Microwave Water
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Water Heated a Microwave Can Violently Erupt and Cause Injury-Truth!

 

 

 

bulletSummary of eRumor: 
The writer of the email says his or her 26 year old son was scalded by water that erupted from a container after being heated in a microwave.  The son experienced severe burns.  The writer warns that water should never be heated by itself in a microwave and quotes a science teacher who says the eruption was because the water was heated in a new container that lacked scratches on the sides to allow bubbles to accumulate and be released.  The email also quotes a doctor who treated the injured son as saying that theses incidents are fairly common.
bulletThe Truth:  
This has been a complex one to try to track down and we've consulted a number of different sources.  Here is our best understanding of the truth:
...As the millions of people who heat water in the microwave for coffee and tea can attest, this is not a common occurrence and we could find no record of injuries from it, although that doesn't mean none has happened.
...When water is heated on a stove and reaches the boiling point, there are usually the characteristic bubbles that emerge from the bottom of the heated pan.  It would be easy, then, to think that all water boils like that when reaching the boiling point.  The problem is, that's not always the case.  
...It is possible to sometimes heat water beyond the boiling point but without the bubbles.   Why are there no bubbles?  When water reaches the boiling point, the water molecules need to start joining arms with other water molecules in order to create the bubble of vapor that we see as boiling.  In order to do that, some molecules need to all meet together at the same place and at the same time at what is called a "nucleation site."   A nucleation site can be a tiny impurity, another air bubble, even a scratch on the surface of the container.  
...So, here's the scenario:  Some water is heated in the microwave and both the water and the container are clean enough that there are no nucleation sites.  The water temperature goes higher than the boiling point, but without "boiling."  Not only that, but because of the way microwaves work, not all of the water in the cup is the same temperature.  The water lining the sides of the cup becomes heated, while some of the water toward the interior of the cup is cooler. 
A real example of the story as it has been circulated:

IMPORTANT!!! THIS IS NOT A JOKE!!

Please read the following important information.

Subject: Fwd: Heating Water in a Microwave

I feel that the following is information that any one who uses a microwave oven to heat water should be made aware of. 

About five days ago, my 26 year old son decided to have a cup of instant coffee. He took a cup of water and put it in the microwave to heat it up (something that he had done numerous times before). I am not sure how long he set the timer for but he told me he wanted to bring the water to a boil. When the timer shut the oven off, he removed the cup from the oven. As he looked into the cup he noted that the water was not boiling but instantly the water in the cup "blew up" into his face. The cup remained intact until he threw it out of his hand but all the water had flew out into his face due to the buildup of energy. His whole face is blistered and he has 1st and 2nd degree burns to his face which may leave scarring. He also may have lost partial sight in his left eye.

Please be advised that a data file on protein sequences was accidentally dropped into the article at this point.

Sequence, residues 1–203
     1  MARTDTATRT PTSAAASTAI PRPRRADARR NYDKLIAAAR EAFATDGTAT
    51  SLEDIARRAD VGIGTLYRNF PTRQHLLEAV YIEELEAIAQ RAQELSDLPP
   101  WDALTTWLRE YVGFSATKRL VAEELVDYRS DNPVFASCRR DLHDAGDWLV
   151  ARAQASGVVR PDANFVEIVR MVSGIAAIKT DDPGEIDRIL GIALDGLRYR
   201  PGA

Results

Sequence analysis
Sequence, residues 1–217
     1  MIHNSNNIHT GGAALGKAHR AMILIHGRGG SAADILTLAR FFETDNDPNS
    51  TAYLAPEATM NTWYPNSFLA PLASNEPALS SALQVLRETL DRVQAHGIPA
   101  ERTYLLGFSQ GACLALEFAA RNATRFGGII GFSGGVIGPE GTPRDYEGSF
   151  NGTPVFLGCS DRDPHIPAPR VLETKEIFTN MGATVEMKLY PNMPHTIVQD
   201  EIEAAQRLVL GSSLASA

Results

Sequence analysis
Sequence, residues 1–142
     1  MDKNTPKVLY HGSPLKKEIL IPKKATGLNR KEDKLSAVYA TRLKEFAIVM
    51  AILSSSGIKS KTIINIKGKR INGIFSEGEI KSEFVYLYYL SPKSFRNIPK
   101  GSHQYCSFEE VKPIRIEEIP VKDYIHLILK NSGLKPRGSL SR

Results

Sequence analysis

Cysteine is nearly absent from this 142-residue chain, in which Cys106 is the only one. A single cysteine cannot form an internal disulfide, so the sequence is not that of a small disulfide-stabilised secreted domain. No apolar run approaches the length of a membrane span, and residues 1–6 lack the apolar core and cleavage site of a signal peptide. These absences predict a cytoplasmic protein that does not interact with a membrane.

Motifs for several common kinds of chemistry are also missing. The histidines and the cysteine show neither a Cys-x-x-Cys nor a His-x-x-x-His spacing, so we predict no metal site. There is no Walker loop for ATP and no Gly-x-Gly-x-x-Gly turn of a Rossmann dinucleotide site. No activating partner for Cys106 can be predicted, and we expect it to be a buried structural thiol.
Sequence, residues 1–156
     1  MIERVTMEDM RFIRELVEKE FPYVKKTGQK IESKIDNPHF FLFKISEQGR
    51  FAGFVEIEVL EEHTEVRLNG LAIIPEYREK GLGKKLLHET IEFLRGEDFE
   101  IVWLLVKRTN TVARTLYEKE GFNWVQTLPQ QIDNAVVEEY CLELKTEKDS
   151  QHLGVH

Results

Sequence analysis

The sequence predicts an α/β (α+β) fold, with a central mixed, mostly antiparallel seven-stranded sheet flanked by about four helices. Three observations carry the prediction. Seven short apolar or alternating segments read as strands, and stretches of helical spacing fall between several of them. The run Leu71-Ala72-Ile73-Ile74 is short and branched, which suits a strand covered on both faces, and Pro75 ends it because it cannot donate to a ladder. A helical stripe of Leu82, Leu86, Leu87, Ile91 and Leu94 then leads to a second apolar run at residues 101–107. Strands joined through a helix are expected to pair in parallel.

While at the hospital, the doctor who was attending to him stated that this a fairly common occurrence and water (alone) should never be heated in a microwave oven. If water is heated in this manner, something should be placed in the cup to diffuse the energy such as a wooden stir stick, tea bag, etc. It is however a much safer choice to boil the water in a tea kettle.

Please pass this information on to friends and family. 

Here is what our Science teacher has to say on the matter: "Thanks for the microwave warning. I have seen this happen before. It is caused by a phenomenon known as super heating. It can occur anytime water is heated and will particularly occur if the vessel that the water is heated in is new. What happens is that the water heats faster than the vapor bubbles can form. If the cup is very new then it is unlikely to have small surface scratches inside it that provide a place for the bubbles to form. As the bubbles cannot form and release some of the heat that has built up, the liquid does not boil, and the liquid continues to heat up well past its boiling point. . What then usually happens is that the liquid is bumped or jarred, which is just enough of a shock to cause the bubbles to rapidly form and expel the hot liquid. The rapid formation of bubbles is also why a carbonated beverage spews when opened after having been shaken.

 Please pass this on to everyone you know, it could save a lot of injury.
 

 


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